Yang Ming Photo 53779592 © Philippilosian Dreamstime.com
Photo: © Philippilosian Dreamstime.com

Mid-sized ocean carriers are losing money and the outlook is particularly bleak for the smaller lines, obliging them to consider radical network restructuring.

Yang Ming posted a net loss of $4m for the second quarter, from revenue of $1.15bn, to take the Taiwanese carrier’s profit at the half-year stage down to $107m.

Like all container lines, Yang Ming enjoyed a highly profitable post-pandemic two years, its net profit last year coming in at around $6bn.

However, similar to its peers, the THE Alliance member’s profitability has waned considerably over the past two quarters as freight rates plunged, with net profit for Q4 22 down to $483m, sliding further in Q1 this year, to $112m.

And, given the deterioration in its Q2 earnings, it’s probably fair to assume that, with the challenging climate, the present quarter will be worse – and Q4 could be much worse.

“In response to the changes in supply and demand in the shipping market, Yang Ming will continue to assess the situation with the upmost care,” it said as it unveiled the Q2 results.

“There will be timely and necessary adjustments to route distribution and fleet planning to increase the company’s competitiveness and operating performance,” added the carrier.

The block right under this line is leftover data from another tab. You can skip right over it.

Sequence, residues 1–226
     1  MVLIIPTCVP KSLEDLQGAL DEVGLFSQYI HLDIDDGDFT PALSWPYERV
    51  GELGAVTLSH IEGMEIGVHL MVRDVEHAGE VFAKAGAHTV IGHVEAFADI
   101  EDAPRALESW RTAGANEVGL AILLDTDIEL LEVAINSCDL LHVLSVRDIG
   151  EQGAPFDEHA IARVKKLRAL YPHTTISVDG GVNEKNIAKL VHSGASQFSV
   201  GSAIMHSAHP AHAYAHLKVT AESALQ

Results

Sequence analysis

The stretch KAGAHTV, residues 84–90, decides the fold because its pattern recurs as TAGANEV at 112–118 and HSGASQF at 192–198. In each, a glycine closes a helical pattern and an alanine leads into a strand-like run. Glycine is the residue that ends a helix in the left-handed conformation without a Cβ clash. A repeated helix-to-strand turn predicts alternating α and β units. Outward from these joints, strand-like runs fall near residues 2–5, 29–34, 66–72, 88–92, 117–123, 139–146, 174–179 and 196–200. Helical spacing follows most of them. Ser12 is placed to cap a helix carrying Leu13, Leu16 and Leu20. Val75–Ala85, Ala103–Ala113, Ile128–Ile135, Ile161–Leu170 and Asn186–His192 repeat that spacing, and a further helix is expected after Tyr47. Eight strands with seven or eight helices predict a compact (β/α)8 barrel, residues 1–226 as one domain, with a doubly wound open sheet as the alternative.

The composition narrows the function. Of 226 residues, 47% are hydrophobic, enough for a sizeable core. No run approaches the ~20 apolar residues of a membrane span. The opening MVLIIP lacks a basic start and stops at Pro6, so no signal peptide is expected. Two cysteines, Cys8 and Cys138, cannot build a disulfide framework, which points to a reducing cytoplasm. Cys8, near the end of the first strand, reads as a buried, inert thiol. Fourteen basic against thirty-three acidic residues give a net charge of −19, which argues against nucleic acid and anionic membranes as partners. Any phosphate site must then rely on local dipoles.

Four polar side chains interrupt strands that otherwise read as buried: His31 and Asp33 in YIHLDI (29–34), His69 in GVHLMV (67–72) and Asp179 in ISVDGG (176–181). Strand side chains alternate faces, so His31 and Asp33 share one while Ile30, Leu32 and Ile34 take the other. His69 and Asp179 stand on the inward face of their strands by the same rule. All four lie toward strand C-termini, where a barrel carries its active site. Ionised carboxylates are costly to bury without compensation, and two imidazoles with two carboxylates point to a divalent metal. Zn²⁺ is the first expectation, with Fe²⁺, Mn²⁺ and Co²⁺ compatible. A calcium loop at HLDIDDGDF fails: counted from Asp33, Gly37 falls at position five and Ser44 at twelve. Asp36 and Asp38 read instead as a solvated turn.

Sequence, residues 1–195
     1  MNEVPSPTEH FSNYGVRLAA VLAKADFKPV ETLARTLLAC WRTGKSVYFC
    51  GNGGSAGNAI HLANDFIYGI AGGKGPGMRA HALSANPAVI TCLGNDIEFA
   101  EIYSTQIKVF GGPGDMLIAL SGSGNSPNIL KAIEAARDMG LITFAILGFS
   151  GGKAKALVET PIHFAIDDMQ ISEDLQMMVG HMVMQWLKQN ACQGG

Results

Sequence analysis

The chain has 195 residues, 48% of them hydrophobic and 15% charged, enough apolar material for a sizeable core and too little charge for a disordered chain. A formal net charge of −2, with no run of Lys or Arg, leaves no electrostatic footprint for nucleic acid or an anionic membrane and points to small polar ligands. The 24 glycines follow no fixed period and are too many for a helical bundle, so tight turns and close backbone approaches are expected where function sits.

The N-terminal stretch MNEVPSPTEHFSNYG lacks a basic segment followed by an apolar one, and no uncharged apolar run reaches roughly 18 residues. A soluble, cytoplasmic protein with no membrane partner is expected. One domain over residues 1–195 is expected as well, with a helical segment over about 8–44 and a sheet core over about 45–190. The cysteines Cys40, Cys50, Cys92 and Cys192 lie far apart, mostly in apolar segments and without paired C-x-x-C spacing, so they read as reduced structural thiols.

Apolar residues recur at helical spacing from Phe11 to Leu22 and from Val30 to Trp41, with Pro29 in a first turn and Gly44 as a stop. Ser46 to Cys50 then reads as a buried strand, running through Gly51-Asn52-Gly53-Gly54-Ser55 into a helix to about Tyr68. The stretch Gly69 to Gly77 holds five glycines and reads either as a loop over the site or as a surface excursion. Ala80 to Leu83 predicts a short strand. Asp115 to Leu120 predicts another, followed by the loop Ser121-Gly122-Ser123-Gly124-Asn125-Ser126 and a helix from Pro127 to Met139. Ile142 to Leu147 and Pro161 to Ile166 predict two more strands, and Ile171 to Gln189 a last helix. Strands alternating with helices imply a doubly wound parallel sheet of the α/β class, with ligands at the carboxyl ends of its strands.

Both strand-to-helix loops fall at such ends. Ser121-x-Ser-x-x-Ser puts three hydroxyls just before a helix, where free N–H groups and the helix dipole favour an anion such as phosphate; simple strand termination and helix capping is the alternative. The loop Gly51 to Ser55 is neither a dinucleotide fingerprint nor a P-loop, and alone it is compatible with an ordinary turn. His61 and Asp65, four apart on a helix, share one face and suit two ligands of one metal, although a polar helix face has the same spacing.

Ninth-ranked Yang Ming, which operates a fleet of 93 vessels for a total nominal capacity of 705,614 teu, has taken an extremely cautious approach to growth, having the smallest orderbook of all its peers – just five ships, for 77,500 teu.

Fellow THE Alliance partner HMM earlier reported a net profit of $230m for Q2 from revenue of $1.66bn, compared with a Q2 22 profit of $2.2bn on turnover of $3.77bn.

HMM attributed the collapse of freight rates and consequent plunge in revenue to “overcapacity against a backcloth of supply chain normalisation”.

It said: “The container shipping industry has been experiencing overcapacity, mainly led by the influx of new containerships ordered during the pandemic. The cascading effect of larger vessels from the main east-west trades to smaller lanes intensified the imbalance between supply and demand.”

The South Korean carrier said it would “continue to carry out service adjustments” and “cost-cutting measures… to cope with market uncertainty”.

HMM sits just above Yang Ming in the global container rankings with a fleet of 72 ships for a capacity of 792,074 teu and, according to Alphaliner data, has a much larger orderbook – 26 vessels with a capacity of 265,027 teu.

Meanwhile, 10th-ranked Zim will publish its second-quarter results later this week, but has already announced a profit warning, adjusting its full-year guidance from a positive ebit of $100m to $500m, to an operating loss of between $100m and $500m – “driven primarily by continued weakness in freight rates across all the company’s trades”.

Zim has an operating fleet of 132 vessels, with a capacity of 578,663 teu, and an orderbook of 38 ships for 306,184 teu secured through long-term charters, as is the majority of its current fleet.

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